The 10 Best Charles Dickens Books Ever Written

When it comes to amazing literature, you cannot overlook one of the most influential authors in the history of literature – Charles Dickens.

The Best Charles Dickens Books 

His work has long been examined and explored by schools, playwrights, and literary critics alike. 

Indeed, books like Great Expectations and Oliver Twist are still to this day considered some of the best novels ever written.

But Charles Dickens wrote so many more – so there’s a necessity that we rank them! 

We’ve got 10 of the best Charles Dickens books ever written below. So, if you’re a fan of his Victorian and eerie writing, then read on for the answers!

About Charles Dickens

Charles Dickens was more than just a writer. He was also a social critic and he created some of the most well-rounded characters in all of fiction.

Born in Portsmouth, England during the Victorian era, his work explored the very real problems in the country.

Anything from child exploitation and homelessness to the social problems associated with the English class system.

Indeed, Dickens was very vocal on these subjects outside of fictional work, and campaigned for children’s rights, particularly with education. 

To this day, Charles Dickens is regarded as one of the world’s greatest writers to ever have lived.

Because he wrote so many books and because he was so influential, we are able to write this list of the best Charles Dickens books!

The Best Charles Dickens Books 

Let’s get started and show you our picks for the ten best Charles Dickens books ever written. 

The Adventures Of Oliver Twist

Oliver Twist

To top my list, I have perhaps one of the most well-known and popular books that Charles Dickens ever wrote.

This novel truly shows Charles Dickens’s views on society at the time, in terms of the treatment of children and the English class system. 

The story follows a young orphan, Oliver Twist, who after asking for more gruel at the orphanage, is taken by Mr. Bumble – the overseer of the orphanage – and is quickly sold cheaply in the streets.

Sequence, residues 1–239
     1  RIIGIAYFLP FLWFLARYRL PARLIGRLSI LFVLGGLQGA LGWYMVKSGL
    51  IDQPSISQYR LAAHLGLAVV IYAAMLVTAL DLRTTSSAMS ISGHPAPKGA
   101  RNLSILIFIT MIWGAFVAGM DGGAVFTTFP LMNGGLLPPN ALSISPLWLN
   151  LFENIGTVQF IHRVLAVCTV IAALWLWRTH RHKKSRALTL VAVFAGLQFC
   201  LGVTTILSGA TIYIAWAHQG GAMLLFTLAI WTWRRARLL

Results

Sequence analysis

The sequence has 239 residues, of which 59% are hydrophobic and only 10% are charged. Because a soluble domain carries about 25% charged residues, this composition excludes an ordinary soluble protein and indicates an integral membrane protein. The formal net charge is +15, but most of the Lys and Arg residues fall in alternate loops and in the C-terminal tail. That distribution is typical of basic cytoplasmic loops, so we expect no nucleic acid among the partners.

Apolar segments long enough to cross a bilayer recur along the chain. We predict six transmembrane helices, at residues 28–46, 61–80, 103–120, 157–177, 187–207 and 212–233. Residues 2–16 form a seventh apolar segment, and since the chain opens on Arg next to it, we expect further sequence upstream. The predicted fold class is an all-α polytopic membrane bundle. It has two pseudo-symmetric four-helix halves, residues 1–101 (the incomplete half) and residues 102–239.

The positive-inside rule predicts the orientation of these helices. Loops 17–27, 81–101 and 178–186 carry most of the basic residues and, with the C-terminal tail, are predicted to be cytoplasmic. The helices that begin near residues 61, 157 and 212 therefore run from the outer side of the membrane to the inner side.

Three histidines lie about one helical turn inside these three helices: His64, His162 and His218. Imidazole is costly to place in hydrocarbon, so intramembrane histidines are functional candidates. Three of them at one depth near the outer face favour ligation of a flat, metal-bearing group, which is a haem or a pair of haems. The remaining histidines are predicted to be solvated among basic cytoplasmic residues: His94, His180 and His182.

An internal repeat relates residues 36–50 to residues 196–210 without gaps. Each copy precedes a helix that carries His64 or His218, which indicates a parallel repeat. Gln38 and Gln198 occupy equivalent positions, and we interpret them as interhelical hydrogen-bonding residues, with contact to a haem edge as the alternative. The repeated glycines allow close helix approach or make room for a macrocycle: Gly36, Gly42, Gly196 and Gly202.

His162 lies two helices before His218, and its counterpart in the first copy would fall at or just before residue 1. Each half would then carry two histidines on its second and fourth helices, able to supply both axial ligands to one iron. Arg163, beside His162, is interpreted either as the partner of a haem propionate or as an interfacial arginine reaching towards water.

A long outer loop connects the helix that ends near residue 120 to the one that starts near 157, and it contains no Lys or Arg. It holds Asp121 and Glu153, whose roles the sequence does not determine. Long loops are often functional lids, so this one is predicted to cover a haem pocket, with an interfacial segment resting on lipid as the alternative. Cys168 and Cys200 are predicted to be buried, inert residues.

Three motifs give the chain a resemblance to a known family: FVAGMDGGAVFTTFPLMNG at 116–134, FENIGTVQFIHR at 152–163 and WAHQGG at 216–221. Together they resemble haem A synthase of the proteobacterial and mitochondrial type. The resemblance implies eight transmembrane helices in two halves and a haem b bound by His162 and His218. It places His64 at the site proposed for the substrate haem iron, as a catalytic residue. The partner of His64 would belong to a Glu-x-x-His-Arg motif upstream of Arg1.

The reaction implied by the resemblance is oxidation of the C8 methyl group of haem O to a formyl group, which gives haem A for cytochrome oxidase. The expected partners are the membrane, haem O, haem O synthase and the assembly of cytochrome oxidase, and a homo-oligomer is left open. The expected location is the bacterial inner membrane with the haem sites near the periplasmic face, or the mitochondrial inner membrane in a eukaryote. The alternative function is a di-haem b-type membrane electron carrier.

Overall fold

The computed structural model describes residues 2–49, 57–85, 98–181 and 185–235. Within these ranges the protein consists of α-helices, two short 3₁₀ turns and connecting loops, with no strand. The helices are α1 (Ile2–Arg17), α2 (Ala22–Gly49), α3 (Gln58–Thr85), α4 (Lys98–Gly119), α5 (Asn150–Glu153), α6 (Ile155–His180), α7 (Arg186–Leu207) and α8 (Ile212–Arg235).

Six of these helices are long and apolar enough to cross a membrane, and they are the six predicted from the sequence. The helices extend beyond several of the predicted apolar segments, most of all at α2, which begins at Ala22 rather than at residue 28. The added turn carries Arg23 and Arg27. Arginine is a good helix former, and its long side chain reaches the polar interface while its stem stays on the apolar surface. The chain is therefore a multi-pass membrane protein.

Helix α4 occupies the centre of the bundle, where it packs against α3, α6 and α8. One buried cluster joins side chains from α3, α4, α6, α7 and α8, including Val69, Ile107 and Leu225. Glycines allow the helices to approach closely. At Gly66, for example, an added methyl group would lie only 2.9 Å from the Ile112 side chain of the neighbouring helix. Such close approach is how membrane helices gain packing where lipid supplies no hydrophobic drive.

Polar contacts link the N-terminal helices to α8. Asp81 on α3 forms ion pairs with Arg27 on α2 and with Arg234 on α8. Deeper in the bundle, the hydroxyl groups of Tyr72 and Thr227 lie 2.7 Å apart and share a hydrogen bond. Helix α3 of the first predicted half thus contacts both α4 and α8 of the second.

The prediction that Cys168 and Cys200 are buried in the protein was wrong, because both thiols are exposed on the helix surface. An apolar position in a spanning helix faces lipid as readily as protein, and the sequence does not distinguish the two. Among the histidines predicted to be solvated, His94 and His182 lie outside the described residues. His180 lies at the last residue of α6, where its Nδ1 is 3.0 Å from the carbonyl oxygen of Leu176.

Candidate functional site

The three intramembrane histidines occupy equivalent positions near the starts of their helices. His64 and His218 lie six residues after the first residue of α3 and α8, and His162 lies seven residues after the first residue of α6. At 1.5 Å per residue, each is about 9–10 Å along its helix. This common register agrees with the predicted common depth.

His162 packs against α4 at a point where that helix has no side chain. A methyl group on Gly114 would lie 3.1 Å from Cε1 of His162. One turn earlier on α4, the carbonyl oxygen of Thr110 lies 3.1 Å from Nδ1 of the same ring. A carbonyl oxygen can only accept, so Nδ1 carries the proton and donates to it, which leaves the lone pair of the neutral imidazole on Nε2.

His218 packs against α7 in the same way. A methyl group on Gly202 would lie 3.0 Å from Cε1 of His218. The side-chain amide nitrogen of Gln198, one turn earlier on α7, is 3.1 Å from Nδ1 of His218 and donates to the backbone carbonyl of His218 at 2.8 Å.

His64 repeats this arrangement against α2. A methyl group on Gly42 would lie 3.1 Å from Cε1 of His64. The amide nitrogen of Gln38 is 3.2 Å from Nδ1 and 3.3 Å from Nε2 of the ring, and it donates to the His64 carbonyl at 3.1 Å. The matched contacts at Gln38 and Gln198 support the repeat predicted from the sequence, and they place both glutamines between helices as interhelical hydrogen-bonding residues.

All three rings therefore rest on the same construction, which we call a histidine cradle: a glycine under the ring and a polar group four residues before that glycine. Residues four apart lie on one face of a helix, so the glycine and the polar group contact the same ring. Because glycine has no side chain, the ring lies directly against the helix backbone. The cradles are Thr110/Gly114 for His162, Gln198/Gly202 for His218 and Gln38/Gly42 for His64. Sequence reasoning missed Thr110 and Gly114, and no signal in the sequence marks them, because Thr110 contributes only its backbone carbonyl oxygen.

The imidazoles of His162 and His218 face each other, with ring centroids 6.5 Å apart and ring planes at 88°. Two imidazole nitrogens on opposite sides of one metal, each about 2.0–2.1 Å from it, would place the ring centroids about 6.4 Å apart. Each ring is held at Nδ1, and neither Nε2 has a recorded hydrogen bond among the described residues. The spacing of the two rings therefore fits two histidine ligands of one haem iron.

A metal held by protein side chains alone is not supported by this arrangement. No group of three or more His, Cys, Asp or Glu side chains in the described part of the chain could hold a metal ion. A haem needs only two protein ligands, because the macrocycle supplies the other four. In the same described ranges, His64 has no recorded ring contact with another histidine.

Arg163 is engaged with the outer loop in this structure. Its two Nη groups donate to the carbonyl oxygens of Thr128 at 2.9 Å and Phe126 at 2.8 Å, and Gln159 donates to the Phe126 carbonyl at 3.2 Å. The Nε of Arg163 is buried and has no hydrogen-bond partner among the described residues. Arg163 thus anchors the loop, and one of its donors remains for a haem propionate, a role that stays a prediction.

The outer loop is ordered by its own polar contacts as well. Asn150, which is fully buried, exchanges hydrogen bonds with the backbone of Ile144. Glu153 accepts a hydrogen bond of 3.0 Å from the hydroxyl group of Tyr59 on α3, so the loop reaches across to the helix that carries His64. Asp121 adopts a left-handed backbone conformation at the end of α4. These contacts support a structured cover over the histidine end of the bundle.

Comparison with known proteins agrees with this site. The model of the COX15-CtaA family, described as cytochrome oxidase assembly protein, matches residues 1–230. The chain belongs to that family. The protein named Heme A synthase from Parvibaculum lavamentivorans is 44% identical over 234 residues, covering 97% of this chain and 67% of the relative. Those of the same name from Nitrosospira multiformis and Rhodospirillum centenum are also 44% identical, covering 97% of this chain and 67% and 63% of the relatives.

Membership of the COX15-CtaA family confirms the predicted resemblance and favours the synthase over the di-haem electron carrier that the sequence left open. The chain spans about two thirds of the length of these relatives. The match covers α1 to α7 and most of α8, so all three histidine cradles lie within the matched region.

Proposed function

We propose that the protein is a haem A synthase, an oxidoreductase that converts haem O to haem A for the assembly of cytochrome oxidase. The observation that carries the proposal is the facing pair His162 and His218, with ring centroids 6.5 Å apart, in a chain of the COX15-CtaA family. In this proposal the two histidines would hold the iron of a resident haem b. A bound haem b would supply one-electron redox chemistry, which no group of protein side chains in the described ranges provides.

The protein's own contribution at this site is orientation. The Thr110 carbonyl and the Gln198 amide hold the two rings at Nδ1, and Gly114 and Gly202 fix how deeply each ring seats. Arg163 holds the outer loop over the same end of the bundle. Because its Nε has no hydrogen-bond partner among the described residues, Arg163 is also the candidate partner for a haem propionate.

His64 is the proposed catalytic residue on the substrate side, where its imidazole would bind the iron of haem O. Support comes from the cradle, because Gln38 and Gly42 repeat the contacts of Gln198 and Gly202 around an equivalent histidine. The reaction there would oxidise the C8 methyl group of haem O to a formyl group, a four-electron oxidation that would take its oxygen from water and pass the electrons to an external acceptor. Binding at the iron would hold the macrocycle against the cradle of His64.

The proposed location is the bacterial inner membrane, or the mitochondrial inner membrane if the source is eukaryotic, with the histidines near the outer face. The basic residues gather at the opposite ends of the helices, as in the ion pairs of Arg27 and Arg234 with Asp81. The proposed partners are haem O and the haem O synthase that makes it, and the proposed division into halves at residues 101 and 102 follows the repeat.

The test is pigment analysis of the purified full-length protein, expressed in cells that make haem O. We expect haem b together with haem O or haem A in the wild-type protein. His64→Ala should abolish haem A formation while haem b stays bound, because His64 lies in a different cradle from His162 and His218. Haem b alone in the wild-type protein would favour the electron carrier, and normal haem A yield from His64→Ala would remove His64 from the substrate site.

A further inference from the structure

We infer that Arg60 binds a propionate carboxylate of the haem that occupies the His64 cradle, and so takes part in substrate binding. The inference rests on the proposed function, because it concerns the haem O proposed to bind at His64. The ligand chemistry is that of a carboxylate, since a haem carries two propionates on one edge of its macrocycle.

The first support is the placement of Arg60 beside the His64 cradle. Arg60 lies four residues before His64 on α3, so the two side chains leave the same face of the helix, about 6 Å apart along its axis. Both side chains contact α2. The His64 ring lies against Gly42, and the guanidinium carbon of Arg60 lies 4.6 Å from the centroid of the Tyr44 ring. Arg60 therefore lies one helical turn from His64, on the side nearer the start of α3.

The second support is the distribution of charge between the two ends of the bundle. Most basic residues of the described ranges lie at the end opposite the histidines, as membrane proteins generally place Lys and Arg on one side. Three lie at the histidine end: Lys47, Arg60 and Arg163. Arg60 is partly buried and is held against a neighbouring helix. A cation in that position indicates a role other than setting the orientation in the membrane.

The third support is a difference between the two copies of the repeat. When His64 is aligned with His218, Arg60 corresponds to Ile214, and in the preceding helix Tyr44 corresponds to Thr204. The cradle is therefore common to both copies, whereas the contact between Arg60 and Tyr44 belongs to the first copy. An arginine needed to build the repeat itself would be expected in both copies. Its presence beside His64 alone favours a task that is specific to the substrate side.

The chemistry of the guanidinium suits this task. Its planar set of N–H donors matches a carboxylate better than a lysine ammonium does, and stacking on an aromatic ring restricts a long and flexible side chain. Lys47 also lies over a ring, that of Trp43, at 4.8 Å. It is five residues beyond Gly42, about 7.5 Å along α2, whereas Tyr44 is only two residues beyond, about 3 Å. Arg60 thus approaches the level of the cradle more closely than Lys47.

Later, he meets a young boy named the Artful Dodger who is a member of a gang of pickpockets led by a man called Fagin.

The gang takes in Oliver and treats him as one of their own. 

Trials and tribulations occur and Oliver begins to understand the meaning of family and being kind to others, with the help of supporting characters like Nancy and the Artful Dodger. 


  • Striking view of English treatment of children and the class system 


  • Can be tedious if you have read this many times! 

Themes: Child exploitation, English class system, Friends and enemies 

Great Expectations

Great Expectations-Treasury of Illustrated Classics Storybook Collection

Great Expectations is the second addition to my list.

It’s likely that you have read this book before, or maybe even seen one of the many adaptations to the small screen or in the theater. 

The story centers around Pip, an orphan, who after many challenges finds himself wealthy and abandons his true friends.

He is later humbled due to his arrogance and with the help of Miss Havershim, who took him in and treated him as an equal.

Once again, this story touches upon how children were essentially allowed to fend for themselves, and in many ways were expected to do so. 


  • Provides a look into how wealth can change a person 


  • The plot is somewhat removed from our own understanding of the modern era

Themes: Wealth, poverty, Child exploitation, and Family 

A Christmas Carol

A Christmas Carol

No list of the best Charles Dickens books would be complete without talking about A Christmas Carol.

It’s one of the most famous books in the world and it is still being used every year in festive celebrations on stage. 

A Christmas Carol follows Ebenezer Scrooge, a rich man with a tight pocket.

Scrooge is somebody who despises happiness, likely due to his own unhappiness – and as a result, he treats people with disdain.